$\displaystyle 8n^2 < 64n* log_2 n$

So I continue:

$\displaystyle n< 8* log_2 n$

$\displaystyle n< log_2 n^8$

$\displaystyle 2^n < n^8$

Not sure if this is correct procedure at all. Anyway, I'm stuck here...

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- Aug 14th 2010, 07:18 AMLars91Inequality with logarithm, help needed
$\displaystyle 8n^2 < 64n* log_2 n$

So I continue:

$\displaystyle n< 8* log_2 n$

$\displaystyle n< log_2 n^8$

$\displaystyle 2^n < n^8$

Not sure if this is correct procedure at all. Anyway, I'm stuck here... - Aug 14th 2010, 07:23 AMProve It
What are you trying to do here?

Are you trying to solve this inequality for $\displaystyle n$? Or are you trying to prove that this statement is true for all $\displaystyle n$? - Aug 14th 2010, 07:39 AMLars91
I'm trying to find the values of n, where the statement is true. So the answer would be in the form: n < some number

I did set up a table in excel. I know the answer is between 43 and 44. That is for n= 43, 2^n is smaller. But for n=44, n^8 is smallest.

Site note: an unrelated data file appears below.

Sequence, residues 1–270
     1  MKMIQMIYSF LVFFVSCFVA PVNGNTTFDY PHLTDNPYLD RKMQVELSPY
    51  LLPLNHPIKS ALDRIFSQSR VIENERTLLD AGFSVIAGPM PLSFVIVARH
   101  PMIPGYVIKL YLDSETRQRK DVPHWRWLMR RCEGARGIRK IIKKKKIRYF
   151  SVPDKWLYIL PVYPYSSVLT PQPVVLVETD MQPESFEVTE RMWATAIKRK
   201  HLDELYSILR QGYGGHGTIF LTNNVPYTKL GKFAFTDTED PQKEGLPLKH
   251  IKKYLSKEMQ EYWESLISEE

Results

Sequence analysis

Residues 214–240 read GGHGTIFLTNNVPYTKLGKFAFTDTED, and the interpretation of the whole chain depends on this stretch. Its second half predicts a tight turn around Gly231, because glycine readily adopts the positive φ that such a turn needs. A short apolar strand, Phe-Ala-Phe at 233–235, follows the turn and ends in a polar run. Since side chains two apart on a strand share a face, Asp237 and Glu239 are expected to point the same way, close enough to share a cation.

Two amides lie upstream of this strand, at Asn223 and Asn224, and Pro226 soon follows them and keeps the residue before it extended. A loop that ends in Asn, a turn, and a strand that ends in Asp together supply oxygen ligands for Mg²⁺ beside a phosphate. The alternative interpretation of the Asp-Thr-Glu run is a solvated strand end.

But would like to know how the procedure is to get to that result. - Aug 14th 2010, 11:17 AMArchie Meade
There are two solutions for $\displaystyle 2^n<n^8$

One solution involves negative n.

If the solution is for positive n, since your original equation is a logarithm,

you could use a change of base to the natural logarithm.

This makes a graphical solution much easier.

$\displaystyle \displaystyle\huge\log_2n=\frac{log_en}{log_e2}$

$\displaystyle log_e2=ln2=constant$

Then you end up with

$\displaystyle n<\frac{8}{log_e2}log_en$

$\displaystyle \frac{8}{log_e2}log_en-n>0$

You can use the Newton-Raphson method to find the two "n" for which this is zero.

Your inequality holds for "n" between those two values. - Aug 15th 2010, 05:15 AMLars91
Thank you! I think it will suffice to just do the graph on my calculator when reaching an answer. It is computer science

and Newton-Raphson method is outside scope of the course I am taking. The question was for what input size n one algorithm

ran faster the the other one.